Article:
To really put these three components together in an accretive way, I recommend every entrepreneur, CEO, or business leader implement a business operating system, such as the Rockefeller Habits or Traction/EOS. My company uses the former.
What is the greatest lesson you’ve ever learned?
It’s hard to just single out one big lesson. Along the way, I’ve definitely learned (and re-learned) lots of smaller lessons:
1) You can’t know enough people.
2) You can’t do anything with an enemy.
3) Be financially disciplined and profitable now, or else “later” will never come.
4) Run towards your problems, not away from them.
5) Avoid AFAB, and go for opportunities with tonnage.
6) Stay laser focused, on your numbers and your plan.
What are some of your favorite books?
Without a doubt, books that have changed my outlook, how I work, and how I live are:
Rework by Jason Fried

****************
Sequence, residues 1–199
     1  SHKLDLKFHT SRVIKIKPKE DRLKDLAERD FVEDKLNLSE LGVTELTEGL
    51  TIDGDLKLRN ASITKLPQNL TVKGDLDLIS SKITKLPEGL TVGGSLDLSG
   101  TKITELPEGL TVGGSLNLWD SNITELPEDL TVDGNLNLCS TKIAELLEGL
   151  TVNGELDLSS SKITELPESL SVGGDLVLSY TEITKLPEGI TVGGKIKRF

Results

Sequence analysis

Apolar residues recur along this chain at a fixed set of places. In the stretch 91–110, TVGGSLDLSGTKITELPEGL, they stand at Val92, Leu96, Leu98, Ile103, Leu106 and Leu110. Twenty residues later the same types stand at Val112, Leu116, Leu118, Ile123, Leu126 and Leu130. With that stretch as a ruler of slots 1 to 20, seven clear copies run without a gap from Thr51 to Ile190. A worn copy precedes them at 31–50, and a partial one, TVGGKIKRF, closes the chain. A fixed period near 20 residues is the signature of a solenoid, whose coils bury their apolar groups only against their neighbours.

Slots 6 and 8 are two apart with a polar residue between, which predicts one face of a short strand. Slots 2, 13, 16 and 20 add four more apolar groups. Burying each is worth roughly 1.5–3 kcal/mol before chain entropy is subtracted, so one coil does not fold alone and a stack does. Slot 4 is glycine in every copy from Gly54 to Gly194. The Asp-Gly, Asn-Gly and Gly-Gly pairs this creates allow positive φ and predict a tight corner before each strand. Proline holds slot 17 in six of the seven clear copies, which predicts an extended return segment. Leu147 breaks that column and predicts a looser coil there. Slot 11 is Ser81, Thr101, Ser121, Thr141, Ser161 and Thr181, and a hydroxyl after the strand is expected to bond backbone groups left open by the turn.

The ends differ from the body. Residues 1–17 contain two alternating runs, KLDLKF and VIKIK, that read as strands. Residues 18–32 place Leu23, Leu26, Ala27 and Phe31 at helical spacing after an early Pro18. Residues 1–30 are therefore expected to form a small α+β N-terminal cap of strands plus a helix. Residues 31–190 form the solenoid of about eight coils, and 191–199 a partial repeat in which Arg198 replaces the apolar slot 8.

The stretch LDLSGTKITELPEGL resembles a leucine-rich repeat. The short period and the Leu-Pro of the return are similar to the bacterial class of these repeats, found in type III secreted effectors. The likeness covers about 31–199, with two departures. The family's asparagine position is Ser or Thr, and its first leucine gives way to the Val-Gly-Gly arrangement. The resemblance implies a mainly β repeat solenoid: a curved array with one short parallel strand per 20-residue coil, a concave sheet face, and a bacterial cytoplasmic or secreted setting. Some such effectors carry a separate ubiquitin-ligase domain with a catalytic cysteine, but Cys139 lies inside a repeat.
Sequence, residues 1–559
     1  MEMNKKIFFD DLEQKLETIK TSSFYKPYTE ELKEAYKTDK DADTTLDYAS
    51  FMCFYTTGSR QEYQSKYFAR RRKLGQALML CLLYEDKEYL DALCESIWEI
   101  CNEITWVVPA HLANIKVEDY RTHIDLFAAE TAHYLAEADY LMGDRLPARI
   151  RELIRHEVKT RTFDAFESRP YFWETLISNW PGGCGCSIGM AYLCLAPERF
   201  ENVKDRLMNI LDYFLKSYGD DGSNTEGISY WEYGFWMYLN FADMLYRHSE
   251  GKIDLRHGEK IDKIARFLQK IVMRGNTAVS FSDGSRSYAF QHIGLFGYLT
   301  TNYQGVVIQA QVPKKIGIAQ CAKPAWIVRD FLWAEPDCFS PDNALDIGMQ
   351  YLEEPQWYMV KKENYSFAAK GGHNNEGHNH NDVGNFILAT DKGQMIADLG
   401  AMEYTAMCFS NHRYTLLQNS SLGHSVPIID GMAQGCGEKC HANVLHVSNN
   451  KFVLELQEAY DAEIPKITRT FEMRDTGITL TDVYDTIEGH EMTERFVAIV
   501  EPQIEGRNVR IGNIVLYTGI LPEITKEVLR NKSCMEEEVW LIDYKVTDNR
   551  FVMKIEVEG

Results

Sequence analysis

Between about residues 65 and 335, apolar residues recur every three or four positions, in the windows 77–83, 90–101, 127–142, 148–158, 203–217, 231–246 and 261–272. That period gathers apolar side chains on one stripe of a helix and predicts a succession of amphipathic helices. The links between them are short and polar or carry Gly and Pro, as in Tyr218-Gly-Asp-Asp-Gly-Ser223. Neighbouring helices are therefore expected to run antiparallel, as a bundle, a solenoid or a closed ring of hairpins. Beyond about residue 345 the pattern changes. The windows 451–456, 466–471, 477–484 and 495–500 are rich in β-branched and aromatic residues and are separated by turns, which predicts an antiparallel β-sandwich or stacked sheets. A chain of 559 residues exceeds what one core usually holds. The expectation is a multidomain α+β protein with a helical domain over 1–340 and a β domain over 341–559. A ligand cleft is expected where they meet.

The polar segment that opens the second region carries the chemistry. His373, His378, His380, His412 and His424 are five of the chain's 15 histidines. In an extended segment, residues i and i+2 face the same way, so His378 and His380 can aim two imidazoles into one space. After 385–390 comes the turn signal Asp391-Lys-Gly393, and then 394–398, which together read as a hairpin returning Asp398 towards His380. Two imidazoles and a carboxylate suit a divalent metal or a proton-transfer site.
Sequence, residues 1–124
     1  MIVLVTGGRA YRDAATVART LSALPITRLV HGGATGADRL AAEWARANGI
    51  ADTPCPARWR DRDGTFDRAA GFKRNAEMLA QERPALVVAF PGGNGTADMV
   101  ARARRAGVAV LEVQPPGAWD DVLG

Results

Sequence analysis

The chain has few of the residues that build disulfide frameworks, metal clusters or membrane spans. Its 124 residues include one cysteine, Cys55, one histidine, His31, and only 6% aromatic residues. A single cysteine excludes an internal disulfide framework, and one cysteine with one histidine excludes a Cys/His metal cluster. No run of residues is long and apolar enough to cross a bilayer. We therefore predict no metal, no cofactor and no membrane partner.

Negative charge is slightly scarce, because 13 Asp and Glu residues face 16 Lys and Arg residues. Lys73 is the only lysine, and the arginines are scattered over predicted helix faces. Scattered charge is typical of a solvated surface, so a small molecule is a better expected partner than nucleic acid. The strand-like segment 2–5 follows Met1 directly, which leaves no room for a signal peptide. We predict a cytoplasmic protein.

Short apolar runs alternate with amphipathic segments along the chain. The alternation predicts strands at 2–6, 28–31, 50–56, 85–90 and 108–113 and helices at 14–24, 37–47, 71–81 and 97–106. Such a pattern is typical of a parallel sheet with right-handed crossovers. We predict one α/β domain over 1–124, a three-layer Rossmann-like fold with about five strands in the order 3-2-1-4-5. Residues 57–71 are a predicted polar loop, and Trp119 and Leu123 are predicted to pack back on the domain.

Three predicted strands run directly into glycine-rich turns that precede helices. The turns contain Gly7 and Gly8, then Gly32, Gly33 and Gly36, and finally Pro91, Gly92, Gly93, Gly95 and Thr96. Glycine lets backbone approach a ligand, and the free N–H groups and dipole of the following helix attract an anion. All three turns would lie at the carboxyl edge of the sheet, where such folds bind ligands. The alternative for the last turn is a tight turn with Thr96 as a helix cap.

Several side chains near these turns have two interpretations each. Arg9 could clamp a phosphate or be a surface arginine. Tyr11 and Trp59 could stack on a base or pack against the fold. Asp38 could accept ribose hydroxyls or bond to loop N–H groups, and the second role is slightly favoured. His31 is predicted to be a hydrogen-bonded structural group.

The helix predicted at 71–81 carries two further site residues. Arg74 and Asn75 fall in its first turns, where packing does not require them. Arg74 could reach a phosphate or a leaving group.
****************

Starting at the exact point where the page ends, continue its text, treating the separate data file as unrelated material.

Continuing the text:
Mastering the Rockefeller Habits by Verne Harnish
Rich Dad Poor Dad by Robert T. Kiyosaki
When faced with adversity, what pushes you to keep moving forward?
Sometimes, I think the answer is the desire to win. To be the biggest, the best. I hate losing (almost as much as I love winning), so when faced with adversity of any type or size, I work hard to be the smartest and fight the hardest.
Ultimately, though, what really pushes me to keep moving forward is my family. My wife and two children. They push me, support me, and inspire me to press forward, to be the best version of me possible.
What advice would you give to young entrepreneurs?
Apart from my take on the keys for success above, the advice I’d give new young (or old) entrepreneurs are:
1. If you’re still considering whether or not to leave the (illusion of) safety of a job and chart your own path, do it. Start a company. Take the leap of faith (remember Bruce Wayne in The Dark Knight Rises? Climb without the rope).
2. As you build your business, build it to scale it. Develop your strategic plan. Operationalize everything. Make every process a documented, repeatable one. This is not only a good discipline to have, but it makes growing your business possible at each stage in your company’s growth.
3. Surround yourself with great people. People who are hungry and who are smart. They’ll not only help support your own growth trajectory, but will also inspire you and give you new perspectives and insight.